If you are anything like me, you are constantly being bombarded by things you find interesting or curious and which add to our knowledge of ourselves and the world. One example might be skin problems.
I thought I knew it all. Actually, my knowledge of skin was confined to pimples, skin cancer, rosacea, the exotic pityriasis rosea and chicken pox. In that, I guess I’m not exactly a mavin of skin, moles and such.
One of those I knew about, pityriasis rosea, bears a resemblance to secondary syphilis marks. Anyone who has it will surely cringe when they notice these red circles on their arms and legs and the telltale “herald or mother spot” on their trunk. It will go away, on its own, within six weeks or so without any treatment.
Anyone who’s ever had a pimple and suffered through their adolescent years with more than just one or two, knows acne is no joke. Not properly treated, it can leave its marks for life and affect self-confidence. I can’t recommend meds, but there is one a dermatologist can provide via prescription and it clears them up almost miraculously. It’s also a great antibiotic but not to be used excessively. The first letter of the name of the med is “C.” No more hints from me or I’ll be accused of prescribing and I can’t do that.
I had chicken pox as a child and so did everyone in my family. Now, of course, we’re all in danger of getting shingles because the nasty chicken pox virus hides at the base of our spines and may or may not reactivate itself.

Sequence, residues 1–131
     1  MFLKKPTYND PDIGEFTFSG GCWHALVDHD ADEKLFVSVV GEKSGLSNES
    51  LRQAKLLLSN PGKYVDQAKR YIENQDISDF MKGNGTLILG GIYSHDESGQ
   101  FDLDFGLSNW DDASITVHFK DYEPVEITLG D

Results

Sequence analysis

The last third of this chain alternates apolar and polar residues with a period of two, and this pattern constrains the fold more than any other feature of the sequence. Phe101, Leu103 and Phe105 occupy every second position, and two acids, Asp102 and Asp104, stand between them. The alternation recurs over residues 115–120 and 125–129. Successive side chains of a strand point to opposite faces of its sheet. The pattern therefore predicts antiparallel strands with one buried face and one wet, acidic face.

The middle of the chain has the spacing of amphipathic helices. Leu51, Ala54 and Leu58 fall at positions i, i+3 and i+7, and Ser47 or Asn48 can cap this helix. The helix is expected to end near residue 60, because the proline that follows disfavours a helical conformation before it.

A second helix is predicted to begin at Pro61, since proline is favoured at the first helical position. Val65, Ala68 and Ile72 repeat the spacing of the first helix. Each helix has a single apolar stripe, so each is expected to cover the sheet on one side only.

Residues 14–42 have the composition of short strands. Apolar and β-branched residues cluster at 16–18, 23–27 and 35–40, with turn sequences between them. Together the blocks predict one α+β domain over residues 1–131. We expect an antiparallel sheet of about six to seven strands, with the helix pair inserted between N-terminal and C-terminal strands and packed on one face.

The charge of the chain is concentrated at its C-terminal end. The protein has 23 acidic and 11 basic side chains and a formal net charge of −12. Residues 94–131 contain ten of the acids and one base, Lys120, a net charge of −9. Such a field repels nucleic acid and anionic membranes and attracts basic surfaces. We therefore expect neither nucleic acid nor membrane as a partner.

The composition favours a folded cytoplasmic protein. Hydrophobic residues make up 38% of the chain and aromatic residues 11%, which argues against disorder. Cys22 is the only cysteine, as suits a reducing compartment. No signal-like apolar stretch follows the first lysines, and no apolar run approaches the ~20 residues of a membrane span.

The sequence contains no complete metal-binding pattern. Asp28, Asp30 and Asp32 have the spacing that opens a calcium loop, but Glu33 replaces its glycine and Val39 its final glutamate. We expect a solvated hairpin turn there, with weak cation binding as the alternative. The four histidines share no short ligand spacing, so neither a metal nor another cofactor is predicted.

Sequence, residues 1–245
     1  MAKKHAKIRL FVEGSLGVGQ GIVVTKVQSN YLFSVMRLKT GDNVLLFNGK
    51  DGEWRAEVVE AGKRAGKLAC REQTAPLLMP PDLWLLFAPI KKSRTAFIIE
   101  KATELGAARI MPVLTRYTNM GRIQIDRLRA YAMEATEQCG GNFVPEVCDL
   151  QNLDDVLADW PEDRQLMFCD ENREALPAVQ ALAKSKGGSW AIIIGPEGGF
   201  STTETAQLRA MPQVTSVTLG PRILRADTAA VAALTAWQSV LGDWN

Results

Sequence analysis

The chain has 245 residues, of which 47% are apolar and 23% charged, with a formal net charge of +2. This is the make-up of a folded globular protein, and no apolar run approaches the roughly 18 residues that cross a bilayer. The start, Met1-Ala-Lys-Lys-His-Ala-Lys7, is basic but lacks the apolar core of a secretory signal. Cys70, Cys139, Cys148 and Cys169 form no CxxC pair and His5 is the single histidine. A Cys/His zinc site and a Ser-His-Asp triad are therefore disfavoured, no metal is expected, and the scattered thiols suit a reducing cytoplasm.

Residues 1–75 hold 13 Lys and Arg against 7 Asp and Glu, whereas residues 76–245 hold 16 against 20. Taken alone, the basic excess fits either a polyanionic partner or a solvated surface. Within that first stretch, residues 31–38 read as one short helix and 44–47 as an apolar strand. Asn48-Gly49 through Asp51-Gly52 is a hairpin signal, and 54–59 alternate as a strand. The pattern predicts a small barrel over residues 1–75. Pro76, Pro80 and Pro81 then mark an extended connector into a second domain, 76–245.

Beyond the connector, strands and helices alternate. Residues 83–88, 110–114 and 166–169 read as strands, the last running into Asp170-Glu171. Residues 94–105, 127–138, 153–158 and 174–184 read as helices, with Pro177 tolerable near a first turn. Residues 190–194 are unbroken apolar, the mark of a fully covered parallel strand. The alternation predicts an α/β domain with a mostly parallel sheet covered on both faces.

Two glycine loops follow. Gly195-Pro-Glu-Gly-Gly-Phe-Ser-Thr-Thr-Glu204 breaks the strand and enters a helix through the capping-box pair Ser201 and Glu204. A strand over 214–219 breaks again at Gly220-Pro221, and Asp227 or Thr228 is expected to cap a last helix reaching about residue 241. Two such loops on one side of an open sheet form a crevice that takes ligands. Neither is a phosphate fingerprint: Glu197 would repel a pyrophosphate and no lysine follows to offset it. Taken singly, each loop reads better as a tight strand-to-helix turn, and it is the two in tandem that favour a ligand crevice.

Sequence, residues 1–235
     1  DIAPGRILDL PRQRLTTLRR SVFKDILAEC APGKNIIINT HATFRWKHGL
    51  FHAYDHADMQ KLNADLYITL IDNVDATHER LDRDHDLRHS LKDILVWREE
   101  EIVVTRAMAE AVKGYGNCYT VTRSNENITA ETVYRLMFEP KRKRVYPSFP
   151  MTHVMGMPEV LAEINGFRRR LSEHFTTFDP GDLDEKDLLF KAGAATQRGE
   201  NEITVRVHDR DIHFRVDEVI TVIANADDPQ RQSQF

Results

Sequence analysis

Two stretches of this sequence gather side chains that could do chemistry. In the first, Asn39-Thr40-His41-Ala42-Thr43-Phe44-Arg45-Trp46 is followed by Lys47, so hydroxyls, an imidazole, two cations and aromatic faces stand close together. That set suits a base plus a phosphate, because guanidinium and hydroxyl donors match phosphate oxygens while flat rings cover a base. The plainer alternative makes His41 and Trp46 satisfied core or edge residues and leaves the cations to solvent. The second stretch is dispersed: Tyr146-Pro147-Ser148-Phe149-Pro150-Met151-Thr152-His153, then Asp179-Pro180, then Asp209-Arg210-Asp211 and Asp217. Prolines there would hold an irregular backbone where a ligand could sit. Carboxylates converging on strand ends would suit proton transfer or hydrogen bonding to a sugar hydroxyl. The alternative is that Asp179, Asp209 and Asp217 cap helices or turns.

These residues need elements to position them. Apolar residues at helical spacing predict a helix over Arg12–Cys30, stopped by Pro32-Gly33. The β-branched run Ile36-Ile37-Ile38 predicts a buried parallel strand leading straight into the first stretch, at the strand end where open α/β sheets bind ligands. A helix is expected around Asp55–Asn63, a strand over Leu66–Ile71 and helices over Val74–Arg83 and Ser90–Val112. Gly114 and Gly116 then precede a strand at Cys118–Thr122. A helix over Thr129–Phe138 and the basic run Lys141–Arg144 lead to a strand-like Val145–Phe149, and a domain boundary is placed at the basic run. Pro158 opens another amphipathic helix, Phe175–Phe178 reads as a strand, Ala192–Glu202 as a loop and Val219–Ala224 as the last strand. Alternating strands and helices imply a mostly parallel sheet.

To vaccinate or not? There are two shingles vaccines and neither is very effective from what I’ve read, but the fear factor is there. Don’t vaccinate and get it near your eye and blindness could result. One vaccine is a virus that is alive and the other’s not. Just like the two (Salk and Sabin) polio vaccines they had.
Recently, I added to my knowledge of skin disorders via a friend of a friend. The woman, who lives in the Southern states, has a large space she rents out for parties of all sorts and does fairly well. After a children’s party just days ago, she developed a rash that looked like chicken pox. It isn’t.
The internist told her it is molluscum contagiosum and it’s quite common in kids. The worst thing about it, or maybe it’s not the worst, is that the virus can live on ANY surface so you don’t need to touch a child to get it — they just have to have it. Think of all the places you’d have to disinfect to clean that virus up and you know the task in a rented space is inordinate. She has to bring in a cleaning crew to disinfect the whole place.
Sorry to have added to your litany of highly communicable skin viruses, but I thought I should pass it along. It’s not bad, it will get better with some meds, but it can still be around your home, so prepare to do a major clean-up.
That’s what was bumping today.